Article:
Studies on mercury-induced myotonia in the mouse diaphragm.

Abstract

Muscle contracture and myotonia of mouse diaphragm, induced by HgCl2, were studied. HgCl2 induced myotonia of mouse diaphragm only on condition that the Hg2+ contracture was inhibited by 0.005-0.01 mM NaCN. A higher concentration of 0.05 mM NaCN abolished both the Hg2+ contracture and Hg2+ myotonia. This finding suggests that the Hg2+ contracture masked the Hg2+ myotonia which was less sensitive to the inhibitory action of NaCN. This differential inhibitory action of NaCN on Hg2+ contracture from Hg2+ myotonia implies a possibility that NaCN antagonized the actions of HgCl2 not only through a simple chemical interaction. Hg2+ myotonia was characterized by an increase in contractile amplitude and a prolongation of contractile duration which were associated with stimulus-bound repetitive action potentials and an increase in membrane input resistance. A low Cl- medium as well as a Cl- channel blocker (9-anthracene carboxylic acid) not only by themselves induced myotonia, but also antagonized Hg2+ myotonia. Thus, Hg2+ appeared to mimic the Cl- channel blocker in inducing myotonia through a blockade of the Cl- channel. K+ channel blockers (4-aminopyridine, uranyl nitrate and tetraethylammonium chloride), as well as low (0.25 mM) Ca2+ Krebs, augmented Hg2+ myotonia while ATP-sensitive K+ channel blockers (tolbutamide and glibenclamide) antagonized Hg2+ myotonia (in the presence of NaCN). Since glibenclamide did not affect myotonia induced by a Cl- channel blocker, it was suggested that glibenclamide inhibited the Hg2+ myotonia through an interaction either directly or indirectly with NaCN on the sarcolemma. All of these findings suggest that K+ channels (delayed rectifier and Ca(2+)-activated K+ channel) functionally cooperated with the Cl- channel of the sarcolemma in the regulation of the skeletal muscle contraction. In this study, K+ channel blockers synergistically cooperated with Cl- channel blockers in inducing myotonia of the mouse diaphragm, while an ATP-sensitive K+ channel blocker exerted only an opposite effect on NaCN. Ca2+ appeared to play an important role in regulating the ionic channel activities, especially the Cl- channel, since low Ca2+ markedly potentiated not only Hg2+ but also low Cl- in inducing myotonia.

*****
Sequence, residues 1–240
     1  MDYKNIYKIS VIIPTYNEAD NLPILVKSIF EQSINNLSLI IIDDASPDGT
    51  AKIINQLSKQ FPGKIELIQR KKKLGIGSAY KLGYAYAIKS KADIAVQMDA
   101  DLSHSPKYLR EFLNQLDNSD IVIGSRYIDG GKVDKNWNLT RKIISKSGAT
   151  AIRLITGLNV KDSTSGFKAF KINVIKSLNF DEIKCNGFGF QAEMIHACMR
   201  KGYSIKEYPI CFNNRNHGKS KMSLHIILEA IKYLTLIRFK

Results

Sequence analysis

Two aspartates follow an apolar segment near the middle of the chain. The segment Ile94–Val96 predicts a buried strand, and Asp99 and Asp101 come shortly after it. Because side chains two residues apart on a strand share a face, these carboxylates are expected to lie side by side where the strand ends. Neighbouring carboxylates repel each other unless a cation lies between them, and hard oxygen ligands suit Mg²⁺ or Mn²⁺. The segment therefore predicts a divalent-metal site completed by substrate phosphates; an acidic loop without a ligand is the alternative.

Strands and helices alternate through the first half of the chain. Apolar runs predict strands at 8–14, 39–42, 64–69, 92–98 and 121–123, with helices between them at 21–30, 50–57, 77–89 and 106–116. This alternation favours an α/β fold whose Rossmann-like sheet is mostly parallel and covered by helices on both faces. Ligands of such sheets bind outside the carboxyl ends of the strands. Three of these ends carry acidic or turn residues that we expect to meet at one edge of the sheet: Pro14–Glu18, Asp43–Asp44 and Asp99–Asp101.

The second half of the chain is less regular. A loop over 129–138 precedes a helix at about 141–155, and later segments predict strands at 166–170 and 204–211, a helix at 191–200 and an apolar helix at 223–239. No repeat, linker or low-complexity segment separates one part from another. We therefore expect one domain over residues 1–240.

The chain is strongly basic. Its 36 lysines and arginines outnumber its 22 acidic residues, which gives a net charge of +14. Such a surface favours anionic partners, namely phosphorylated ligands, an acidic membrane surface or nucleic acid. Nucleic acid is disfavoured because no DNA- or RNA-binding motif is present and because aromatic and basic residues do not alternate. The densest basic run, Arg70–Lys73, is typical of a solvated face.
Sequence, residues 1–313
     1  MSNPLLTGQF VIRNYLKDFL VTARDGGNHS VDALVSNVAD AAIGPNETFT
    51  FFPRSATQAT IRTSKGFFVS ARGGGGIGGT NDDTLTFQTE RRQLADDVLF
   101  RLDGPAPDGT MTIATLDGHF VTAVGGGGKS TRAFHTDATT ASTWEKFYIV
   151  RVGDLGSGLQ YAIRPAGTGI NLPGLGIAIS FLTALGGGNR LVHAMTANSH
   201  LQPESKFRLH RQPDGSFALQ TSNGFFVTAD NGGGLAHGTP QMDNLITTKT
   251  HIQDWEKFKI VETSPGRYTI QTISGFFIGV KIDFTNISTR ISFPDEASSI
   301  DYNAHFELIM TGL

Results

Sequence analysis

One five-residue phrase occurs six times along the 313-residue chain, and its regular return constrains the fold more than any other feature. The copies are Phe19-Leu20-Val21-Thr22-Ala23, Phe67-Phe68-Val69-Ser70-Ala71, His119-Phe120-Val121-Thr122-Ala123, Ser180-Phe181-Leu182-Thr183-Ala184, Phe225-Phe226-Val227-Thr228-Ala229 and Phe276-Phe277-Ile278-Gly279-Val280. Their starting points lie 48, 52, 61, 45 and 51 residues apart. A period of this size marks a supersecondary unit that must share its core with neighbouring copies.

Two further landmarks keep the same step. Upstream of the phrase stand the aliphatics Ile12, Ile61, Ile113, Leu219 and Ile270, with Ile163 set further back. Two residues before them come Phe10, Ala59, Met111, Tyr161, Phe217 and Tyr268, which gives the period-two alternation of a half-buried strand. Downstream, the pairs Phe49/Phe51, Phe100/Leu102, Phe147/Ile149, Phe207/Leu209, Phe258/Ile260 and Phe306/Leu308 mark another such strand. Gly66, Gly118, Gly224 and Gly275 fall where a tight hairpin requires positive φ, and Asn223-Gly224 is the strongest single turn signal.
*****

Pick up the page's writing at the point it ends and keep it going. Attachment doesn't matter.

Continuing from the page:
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@article{Liu1992StudiesOM, title={Studies on mercury-induced myotonia in the mouse diaphragm.}, author={Shing Hwa Liu and S Y Lin-shiau}, journal={Archives internationales de pharmacodynamie et de thérapie}, year={1992}, volume={319}, pages={86-100} }